To compile the EWIPHER league tables this year, C fore field representatives interviewed 9,914 academic faculty, industry representatives and final year students to rank the country’s Top 100 private universities, engineering institutions, arts, science and commerce colleges and Top 100 private B-schools – Dilip Thakore
As usual, publication of the annual EducationWorld India Private Higher Education Rankings 2019-20 survey to rank the country’s Top 100 private universities, engineering institutes and arts, science and commerce colleges as also the Top 100 private business management schools has coincided with release of the National Institutional Ranking Framework (NIRF) 2019 of the Union human resource development (HRD) ministry. NIRF also ranks the country’s top universities, engineering institutes, colleges and B-schools plus professional education institutions (law, pharmacy, architecture, medicine) inter se in separate league tables. This year’s NIRF Report 2019 was released to the public by President Ram Nath Kovind on April 8.
But although the annual EW India Private Higher Education Rankings (EWIPHER) are pre-empted by the HRD ministry’s ‘official’ ranking every year, it’s pertinent to bear in mind that there are significant differences of purpose and institution assessment methodologies between the government-published NIRF and the annual institutional ratings survey conducted by EducationWorld. Essentially, EWIPHER is a nationwide field survey, while NIRF is a desk job.
Moreover while the NIRF Rankings are open to all higher education institutions, ‘participation’ is voluntary. Higher education institutions desirous of being included in the NIRF Rankings are obliged to download a prescribed information form from the HRD ministry’s website and fill in all requested particulars. On the other hand, institutional ‘participation’ in the annual EWIPHER is not optional. Indeed it’s compulsory, inasmuch as all sufficiently well-known (i.e, rated by more than 25 sample respondents) institutions are evaluated by carefully selected sample respondents including academy faculty, industry representatives and often final year students, whether they (institutions) like it or not.
This is because we are not dependent upon institutions submitting data or evidence in support of their achievements under any parameters of education excellence. Rather than rely upon data submitted by assessee institutions which may be inflated, we prefer to rely upon perception scores awarded under 10-12 parameters of higher education excellence (faculty competence, research, leadership, intake/ selection process, diversity of study programmes offered etc) by faculty, industry reps and students with experience and knowledge of assessee institutions. And as some readers may be aware, EducationWorld (estb.1999) pioneered the concept of experts evaluating and ranking education institutions from preschools to primary-secondaries, and since 2013 institutions of higher education, although for reasons enumerated later, in our annual higher education survey our remit is to evaluate private institutions of education.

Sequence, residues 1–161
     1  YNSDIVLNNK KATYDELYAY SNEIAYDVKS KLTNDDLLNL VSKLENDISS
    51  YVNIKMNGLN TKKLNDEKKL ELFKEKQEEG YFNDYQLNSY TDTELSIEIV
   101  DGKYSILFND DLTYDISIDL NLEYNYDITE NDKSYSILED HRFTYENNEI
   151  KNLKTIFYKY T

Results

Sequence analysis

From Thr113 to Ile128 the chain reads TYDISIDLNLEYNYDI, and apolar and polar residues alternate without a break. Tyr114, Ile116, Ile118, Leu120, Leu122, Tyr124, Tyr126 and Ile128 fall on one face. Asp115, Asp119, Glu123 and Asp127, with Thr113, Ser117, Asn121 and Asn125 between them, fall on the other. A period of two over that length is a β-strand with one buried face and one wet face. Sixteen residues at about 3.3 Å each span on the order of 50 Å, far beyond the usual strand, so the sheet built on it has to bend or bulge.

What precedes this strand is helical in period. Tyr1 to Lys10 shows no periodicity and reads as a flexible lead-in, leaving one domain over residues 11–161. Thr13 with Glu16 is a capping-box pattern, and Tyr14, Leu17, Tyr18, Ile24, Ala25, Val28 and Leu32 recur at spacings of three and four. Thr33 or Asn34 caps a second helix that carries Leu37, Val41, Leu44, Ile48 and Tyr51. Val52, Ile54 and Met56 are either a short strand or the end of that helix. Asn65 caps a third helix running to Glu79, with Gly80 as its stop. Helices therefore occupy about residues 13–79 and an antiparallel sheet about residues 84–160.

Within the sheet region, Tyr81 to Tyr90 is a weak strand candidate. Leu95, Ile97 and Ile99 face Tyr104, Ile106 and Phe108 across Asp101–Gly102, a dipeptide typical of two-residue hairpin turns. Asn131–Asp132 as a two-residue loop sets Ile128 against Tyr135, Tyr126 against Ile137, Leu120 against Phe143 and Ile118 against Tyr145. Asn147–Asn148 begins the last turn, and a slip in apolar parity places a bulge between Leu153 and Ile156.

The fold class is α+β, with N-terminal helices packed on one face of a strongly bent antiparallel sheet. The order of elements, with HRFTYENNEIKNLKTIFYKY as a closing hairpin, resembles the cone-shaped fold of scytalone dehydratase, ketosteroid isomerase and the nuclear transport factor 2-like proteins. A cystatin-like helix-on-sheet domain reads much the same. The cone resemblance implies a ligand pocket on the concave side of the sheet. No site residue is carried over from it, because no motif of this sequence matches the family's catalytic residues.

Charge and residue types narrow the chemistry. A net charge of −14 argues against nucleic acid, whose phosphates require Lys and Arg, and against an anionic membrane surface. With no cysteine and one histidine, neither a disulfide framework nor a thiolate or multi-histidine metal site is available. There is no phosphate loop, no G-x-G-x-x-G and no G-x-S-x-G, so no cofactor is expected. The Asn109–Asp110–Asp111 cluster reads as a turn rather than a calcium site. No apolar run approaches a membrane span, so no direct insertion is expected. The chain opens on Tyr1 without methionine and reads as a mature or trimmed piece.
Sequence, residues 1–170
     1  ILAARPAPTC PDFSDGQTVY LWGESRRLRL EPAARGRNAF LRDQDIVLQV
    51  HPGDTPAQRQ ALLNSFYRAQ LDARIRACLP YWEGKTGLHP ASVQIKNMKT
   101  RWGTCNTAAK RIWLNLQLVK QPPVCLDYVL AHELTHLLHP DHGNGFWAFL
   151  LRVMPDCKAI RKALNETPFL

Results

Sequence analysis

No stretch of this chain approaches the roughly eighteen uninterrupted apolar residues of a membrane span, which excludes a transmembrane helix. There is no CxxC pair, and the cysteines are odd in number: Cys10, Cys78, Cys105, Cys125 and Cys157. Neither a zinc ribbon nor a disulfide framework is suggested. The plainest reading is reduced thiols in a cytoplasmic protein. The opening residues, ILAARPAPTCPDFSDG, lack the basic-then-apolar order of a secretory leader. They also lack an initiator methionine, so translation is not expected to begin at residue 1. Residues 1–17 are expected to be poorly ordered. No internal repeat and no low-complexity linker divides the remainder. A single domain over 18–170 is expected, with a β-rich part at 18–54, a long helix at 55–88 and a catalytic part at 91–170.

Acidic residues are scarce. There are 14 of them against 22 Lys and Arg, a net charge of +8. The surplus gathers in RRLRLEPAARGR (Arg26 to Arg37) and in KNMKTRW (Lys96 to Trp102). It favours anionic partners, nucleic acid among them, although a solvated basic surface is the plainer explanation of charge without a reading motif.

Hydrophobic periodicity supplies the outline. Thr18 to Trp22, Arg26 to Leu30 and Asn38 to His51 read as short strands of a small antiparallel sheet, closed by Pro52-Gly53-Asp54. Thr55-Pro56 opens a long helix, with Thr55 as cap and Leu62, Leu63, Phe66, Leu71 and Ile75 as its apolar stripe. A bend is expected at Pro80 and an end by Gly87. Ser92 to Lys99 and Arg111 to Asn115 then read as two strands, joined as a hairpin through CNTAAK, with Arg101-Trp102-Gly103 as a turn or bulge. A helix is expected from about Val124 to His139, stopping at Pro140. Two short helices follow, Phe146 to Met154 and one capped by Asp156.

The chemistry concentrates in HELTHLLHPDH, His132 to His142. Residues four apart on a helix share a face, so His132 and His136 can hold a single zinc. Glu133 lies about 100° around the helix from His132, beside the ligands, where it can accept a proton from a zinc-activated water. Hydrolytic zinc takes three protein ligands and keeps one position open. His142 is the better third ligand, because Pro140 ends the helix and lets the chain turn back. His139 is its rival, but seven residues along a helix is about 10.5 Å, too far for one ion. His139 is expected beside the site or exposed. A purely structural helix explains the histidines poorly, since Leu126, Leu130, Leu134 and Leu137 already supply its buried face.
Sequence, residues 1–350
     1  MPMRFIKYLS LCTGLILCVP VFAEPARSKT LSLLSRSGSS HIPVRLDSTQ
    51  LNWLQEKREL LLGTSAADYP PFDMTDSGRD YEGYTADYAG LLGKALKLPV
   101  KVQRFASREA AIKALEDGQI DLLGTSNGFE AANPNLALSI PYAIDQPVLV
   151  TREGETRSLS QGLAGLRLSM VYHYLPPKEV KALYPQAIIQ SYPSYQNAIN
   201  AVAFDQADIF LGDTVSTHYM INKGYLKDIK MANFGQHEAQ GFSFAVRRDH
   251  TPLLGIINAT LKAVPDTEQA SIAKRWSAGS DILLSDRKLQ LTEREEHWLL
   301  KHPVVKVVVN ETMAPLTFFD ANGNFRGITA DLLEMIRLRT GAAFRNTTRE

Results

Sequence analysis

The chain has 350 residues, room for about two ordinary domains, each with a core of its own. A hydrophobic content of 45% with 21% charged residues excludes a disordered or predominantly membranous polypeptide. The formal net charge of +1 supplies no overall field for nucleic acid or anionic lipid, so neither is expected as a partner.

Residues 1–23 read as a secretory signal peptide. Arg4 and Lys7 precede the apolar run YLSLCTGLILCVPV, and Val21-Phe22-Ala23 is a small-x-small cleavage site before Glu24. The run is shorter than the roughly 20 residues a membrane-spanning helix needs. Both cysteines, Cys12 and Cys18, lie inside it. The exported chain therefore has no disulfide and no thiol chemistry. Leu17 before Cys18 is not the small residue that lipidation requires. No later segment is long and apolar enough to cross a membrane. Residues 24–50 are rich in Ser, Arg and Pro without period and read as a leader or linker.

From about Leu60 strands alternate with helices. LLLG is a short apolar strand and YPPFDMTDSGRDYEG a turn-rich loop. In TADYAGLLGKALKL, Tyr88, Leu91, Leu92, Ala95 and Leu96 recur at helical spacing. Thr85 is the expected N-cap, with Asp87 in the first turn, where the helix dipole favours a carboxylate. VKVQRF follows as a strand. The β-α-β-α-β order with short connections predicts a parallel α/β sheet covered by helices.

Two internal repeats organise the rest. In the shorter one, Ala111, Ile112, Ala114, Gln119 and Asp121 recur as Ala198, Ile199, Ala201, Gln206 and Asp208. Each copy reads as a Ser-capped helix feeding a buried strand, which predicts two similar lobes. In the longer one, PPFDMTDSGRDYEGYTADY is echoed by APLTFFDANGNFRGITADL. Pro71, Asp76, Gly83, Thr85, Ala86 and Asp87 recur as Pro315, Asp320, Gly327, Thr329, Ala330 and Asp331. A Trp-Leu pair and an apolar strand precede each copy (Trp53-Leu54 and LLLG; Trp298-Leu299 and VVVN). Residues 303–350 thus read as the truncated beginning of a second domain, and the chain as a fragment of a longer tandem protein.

Moreover since the NIRF Rankings are commissioned by the Union HRD ministry and the data submitted by participating higher education institutions is assessed and evaluated by NAAC (National Assessment and Accreditation Council), also a Central government-sponsored council established to assess and grade ‘participating’ universities, colleges and professional education institutions, there is an ex facie bias within council officials to award high rankings to Central higher education institutions.
For instance in the NIRF 2019, the Top 13 higher ed institutions — including half a dozen IITs, JNU, BHU — in the Overall category are Central government institutions, followed by two state government universities (Jadavpur, Kolkata and Anna, Tamil Nadu). Surprisingly, the Coimbatore-based Amrita Viswa Vidyapeetham University promoted by woman guru and seer Mata Amritanandamayi Devi (aka hugging mother) is ranked #8. The Manipal Academy of Higher Education (formerly Manipal University), ranked India’s #1 private university for the past three years in the annual EW India Private Higher Education Rankings, is ranked a modest #15 in the NIRF Overall league table and # 9 in the Universities category.
Quite clearly neither the parentage, self-submitted data methodology nor NAAC’s assessment and evaluation process, inspire sufficient confidence within the academy and particularly within private institutions of higher education which, it is pertinent to note, outnumber government institutions and also host a higher percentage (67) of the 34.6 million youth enrolled in the country’s 799 universities and 39,071 colleges.